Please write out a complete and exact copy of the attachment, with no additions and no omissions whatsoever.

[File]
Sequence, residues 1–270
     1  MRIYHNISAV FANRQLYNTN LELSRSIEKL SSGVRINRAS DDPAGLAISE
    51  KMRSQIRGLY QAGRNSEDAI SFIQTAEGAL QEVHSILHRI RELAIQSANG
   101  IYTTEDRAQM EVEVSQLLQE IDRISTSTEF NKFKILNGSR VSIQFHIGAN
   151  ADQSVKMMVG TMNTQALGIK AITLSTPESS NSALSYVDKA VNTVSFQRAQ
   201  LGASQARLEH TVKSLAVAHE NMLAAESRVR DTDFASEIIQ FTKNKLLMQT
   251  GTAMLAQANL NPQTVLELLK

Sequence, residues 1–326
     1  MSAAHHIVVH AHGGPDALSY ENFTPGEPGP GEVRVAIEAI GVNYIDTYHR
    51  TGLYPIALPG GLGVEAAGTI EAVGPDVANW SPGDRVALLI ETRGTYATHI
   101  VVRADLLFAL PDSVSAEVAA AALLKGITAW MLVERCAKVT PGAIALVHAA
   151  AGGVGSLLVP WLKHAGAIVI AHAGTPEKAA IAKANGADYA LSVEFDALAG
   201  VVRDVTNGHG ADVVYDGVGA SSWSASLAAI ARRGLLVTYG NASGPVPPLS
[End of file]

Sequence, residues 1–270
     1  MRIYHNISAV FANRQLYNTN LELSRSIEKL SSGVRINRAS DDPAGLAISE
    51  KMRSQIRGLY QAGRNSEDAI SFIQTAEGAL QEVHSILHRI RELAIQSANG
   101  IYTTEDRAQM EVEVSQLLQE IDRISTSTEF NKFKILNGSR VSIQFHIGAN
   151  ADQSVKMMVG TMNTQALGIK AITLSTPESS NSALSYVDKA VNTVSFQRAQ
   201  LGASQARLEH TVKSLAVAHE NMLAAESRVR DTDFASEIIQ FTKNKLLMQT
   251  GTAMLAQANL NPQTVLELLK

Sequence, residues 1–326
     1  MSAAHHIVVH AHGGPDALSY ENFTPGEPGP GEVRVAIEAI GVNYIDTYHR
    51  TGLYPIALPG GLGVEAAGTI EAVGPDVANW SPGDRVALLI ETRGTYATHI
   101  VVRADLLFAL PDSVSAEVAA AALLKGITAW MLVERCAKVT PGAIALVHAA
   151  AGGVGSLLVP WLKHAGAIVI AHAGTPEKAA IAKANGADYA LSVEFDALAG
   201  VVRDVTNGHG ADVVYDGVGA SSWSASLAAI ARRGLLVTYG NASGPVPPLS